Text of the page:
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Trends from previous years continued pointing towards an increased use of status reviews and more rigorous use of cessation and revocation grounds. Courts were especially important in reviewing these cases and set limits on initiatives introduced by national authorities. Among more general guidance, ECRE published a legal note on cessation and status review, outlining legal obligations under international and EU laws which include the impact of the CJEU judgment in OA (see Section 2).1008 

The Danish Immigration Service, the Refugee Appeals Board and the Immigration Appeals Board have been jointly preparing a memorandum on the protection of foreigners' private and family life under the ECHR and the UN convention on human rights1009 in connection with the amendments to the Danish Aliens Act introduced in 2019 on the revocation of refugees’ and their family members’ residence permits.1010 The memorandum had not yet been finalised in April 2021. UNHCR provided recommendations for Denmark to strengthen its refugee protection, for example, by refraining from the mandatory review of protection statuses, aligning the length of residence permits for different protection statuses, granting refugees residence permits for a longer period of at least 5 years, and removing legal and practical obstacles to family reunification.1011  
The Danish Refugee Council observed that the public focus on the temporary nature of the permits and status withdrawals led to a high level of anxiety among beneficiaries of international protection in the country.1012 In spring 2020, the Refugee Appeals Board upheld the Immigration Service’s decision to revoke protection status for Syrians from Damascus in three cases.1013 Based on these decisions, in the summer of 2020 the Minister for Immigration and Integration decided that the review of cases concerning persons from Damascus with a temporary residence permit granted on the grounds of general circumstances should be accelerated.1014  

The Danish Refugee Appeals Board also delivered its first case following the 2019 amendments,1015 and it confirmed the Immigration Service’s status withdrawal for a Somali citizen who was granted protection based on the general situation in Somalia at the time of his application. However, given the changes in the situation in Somalia, the court assessed that the circumstances which formed the basis of granting protection no longer existed. The court noted that the person had substantial connections with both Denmark and Somalia, and the withdrawal of protection would interfere with his right to private and family life. Still, the withdrawal was legitimate, served a recognised purpose and cannot be considered contrary to Denmark’s international obligations. The Refugee Appeals Board has subsequently decided on several cases covered by the 2019 amendment. After the board's assessment of the individual circumstances of the cases, some residence permits have been withdrawn or denied an extension, while others have resulted in the opposite, a revocation of the decision of the Danish Immigration Service or sent back to the Danish Immigrations Service for a new assessment.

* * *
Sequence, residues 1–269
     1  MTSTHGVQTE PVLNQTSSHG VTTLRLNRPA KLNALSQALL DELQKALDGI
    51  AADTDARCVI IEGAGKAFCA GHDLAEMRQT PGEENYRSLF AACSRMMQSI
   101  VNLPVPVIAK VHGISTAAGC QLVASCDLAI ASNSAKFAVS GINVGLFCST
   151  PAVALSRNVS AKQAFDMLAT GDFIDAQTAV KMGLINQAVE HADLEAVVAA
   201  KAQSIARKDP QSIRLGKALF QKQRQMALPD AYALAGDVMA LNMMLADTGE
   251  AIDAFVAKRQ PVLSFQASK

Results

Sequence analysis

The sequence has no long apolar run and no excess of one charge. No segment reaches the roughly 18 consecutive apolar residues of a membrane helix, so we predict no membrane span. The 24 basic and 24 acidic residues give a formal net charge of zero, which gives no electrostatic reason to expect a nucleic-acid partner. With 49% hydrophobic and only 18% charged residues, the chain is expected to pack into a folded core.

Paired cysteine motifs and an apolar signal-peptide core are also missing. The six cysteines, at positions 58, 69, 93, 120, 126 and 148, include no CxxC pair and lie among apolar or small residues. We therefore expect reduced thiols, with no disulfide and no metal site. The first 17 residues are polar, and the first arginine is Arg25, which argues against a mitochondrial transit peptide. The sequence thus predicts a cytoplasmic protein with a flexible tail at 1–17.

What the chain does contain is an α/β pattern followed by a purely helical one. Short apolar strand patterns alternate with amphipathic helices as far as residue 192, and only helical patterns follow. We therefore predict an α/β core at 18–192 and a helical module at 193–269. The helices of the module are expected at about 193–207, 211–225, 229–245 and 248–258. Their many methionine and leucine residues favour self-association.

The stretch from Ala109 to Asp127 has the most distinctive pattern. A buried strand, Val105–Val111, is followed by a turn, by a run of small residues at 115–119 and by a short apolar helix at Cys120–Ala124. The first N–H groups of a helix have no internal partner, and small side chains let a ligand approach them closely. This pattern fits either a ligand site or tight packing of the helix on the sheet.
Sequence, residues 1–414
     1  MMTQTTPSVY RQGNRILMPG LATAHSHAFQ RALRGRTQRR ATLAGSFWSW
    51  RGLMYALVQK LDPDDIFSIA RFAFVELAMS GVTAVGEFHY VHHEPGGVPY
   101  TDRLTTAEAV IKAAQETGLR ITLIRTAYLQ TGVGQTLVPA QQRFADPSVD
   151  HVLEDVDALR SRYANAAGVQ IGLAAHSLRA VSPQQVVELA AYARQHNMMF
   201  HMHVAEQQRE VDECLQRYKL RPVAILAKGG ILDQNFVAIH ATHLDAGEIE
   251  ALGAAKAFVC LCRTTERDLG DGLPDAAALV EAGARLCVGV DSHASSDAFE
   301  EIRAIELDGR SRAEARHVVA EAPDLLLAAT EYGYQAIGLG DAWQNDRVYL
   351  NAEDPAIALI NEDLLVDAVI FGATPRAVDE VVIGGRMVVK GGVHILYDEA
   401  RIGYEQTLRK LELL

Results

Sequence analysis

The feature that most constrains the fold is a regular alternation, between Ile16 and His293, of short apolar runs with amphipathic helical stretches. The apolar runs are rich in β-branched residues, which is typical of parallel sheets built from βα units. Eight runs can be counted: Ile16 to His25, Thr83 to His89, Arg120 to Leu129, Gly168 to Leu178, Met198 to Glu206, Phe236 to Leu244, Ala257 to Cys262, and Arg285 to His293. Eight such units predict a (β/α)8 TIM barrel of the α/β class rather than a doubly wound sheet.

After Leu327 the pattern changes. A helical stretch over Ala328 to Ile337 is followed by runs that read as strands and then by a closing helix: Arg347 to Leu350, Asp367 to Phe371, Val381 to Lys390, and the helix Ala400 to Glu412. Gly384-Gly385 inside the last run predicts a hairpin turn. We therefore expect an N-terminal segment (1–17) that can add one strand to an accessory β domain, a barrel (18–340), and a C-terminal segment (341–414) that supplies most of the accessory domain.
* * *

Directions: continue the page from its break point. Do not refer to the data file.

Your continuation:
The Hungarian Helsinki Committee observed that Afghan beneficiaries of subsidiary protection are typically refused a renewal of their status, and the national asylum authority established Kabul or the province of Balkh as an internal protection alternative for beneficiaries from other regions. The organisation also reported an increased number of withdrawal procedures based on alleged threats to national security.1016 

The Dutch IND revised its policy on Sudan (see Section 4.4) and announced that previously-granted asylum permits would be reassessed if they were granted due to the situation in Darfur, South Kordofan and Blue Nile.1017 In Austria, withdrawal procedures remained a priority for the BFA.
The amendments to the Law on Asylum and Refugees in Bulgaria added two new circumstances when international protection status ceases: when a beneficiary passes away or when a person refuses expressly to be recognised as a beneficiary of international protection. The AIDA Bulgaria report noted that this latter circumstance included cases when a beneficiary failed to renew an expired ID card or replace a damaged, stolen or destroyed card within 30 days. The State Agency for Refugees underlined that this circumstance does not lead to an automatic cessation of international protection but only to the launching of the cessation procedure, in which all facts and evidence are considered before a decision on cessation may be issued. Still, the AIDA Bulgaria assessed that this change risks leading to a broad interpretation of the recast Qualification Directive and risks introducing in practice an additional cessation ground.1018